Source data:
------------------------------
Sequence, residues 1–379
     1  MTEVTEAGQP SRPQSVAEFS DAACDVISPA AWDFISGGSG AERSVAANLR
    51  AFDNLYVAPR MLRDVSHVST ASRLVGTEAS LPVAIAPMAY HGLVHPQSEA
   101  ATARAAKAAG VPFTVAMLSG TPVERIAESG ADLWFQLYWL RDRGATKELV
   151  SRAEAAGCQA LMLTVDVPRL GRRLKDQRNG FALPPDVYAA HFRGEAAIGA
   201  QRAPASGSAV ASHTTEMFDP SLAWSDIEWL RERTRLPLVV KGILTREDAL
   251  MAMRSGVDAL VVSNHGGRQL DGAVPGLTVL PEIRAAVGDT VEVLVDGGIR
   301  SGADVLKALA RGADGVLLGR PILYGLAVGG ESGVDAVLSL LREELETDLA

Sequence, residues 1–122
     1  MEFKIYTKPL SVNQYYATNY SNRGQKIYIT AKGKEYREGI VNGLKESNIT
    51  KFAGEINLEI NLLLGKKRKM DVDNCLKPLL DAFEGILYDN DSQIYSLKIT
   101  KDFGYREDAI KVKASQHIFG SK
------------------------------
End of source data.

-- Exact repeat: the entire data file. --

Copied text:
Sequence, residues 1–379
     1  MTEVTEAGQP SRPQSVAEFS DAACDVISPA AWDFISGGSG AERSVAANLR
    51  AFDNLYVAPR MLRDVSHVST ASRLVGTEAS LPVAIAPMAY HGLVHPQSEA
   101  ATARAAKAAG VPFTVAMLSG TPVERIAESG ADLWFQLYWL RDRGATKELV
   151  SRAEAAGCQA LMLTVDVPRL GRRLKDQRNG FALPPDVYAA HFRGEAAIGA
   201  QRAPASGSAV ASHTTEMFDP SLAWSDIEWL RERTRLPLVV KGILTREDAL
   251  MAMRSGVDAL VVSNHGGRQL DGAVPGLTVL PEIRAAVGDT VEVLVDGGIR
   301  SGADVLKALA RGADGVLLGR PILYGLAVGG ESGVDAVLSL LREELETDLA

Sequence, residues 1–122
     1  MEFKIYTKPL SVNQYYATNY SNRGQKIYIT AKGKEYREGI VNGLKESNIT
    51  KFAGEINLEI NLLLGKKRKM DVDNCLKPLL DAFEGILYDN DSQIYSLKIT
   101  KDFGYREDAI KVKASQHIFG SK